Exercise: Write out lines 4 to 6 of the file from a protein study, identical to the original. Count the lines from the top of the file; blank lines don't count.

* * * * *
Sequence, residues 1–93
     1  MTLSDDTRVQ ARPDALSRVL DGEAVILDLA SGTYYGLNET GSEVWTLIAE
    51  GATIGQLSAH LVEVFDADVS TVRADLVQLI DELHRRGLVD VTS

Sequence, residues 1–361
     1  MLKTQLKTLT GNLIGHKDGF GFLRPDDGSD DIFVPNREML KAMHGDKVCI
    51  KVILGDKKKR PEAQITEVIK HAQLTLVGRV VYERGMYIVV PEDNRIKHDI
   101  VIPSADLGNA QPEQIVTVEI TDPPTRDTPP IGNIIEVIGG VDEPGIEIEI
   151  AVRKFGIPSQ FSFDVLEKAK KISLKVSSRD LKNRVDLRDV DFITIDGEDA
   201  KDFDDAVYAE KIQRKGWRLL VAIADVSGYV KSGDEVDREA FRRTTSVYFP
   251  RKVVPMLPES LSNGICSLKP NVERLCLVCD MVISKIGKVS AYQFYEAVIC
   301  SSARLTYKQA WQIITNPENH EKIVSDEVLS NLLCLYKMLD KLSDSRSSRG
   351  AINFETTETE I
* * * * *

Sequence, residues 1–361
     1  MLKTQLKTLT GNLIGHKDGF GFLRPDDGSD DIFVPNREML KAMHGDKVCI
    51  KVILGDKKKR PEAQITEVIK HAQLTLVGRV VYERGMYIVV PEDNRIKHDI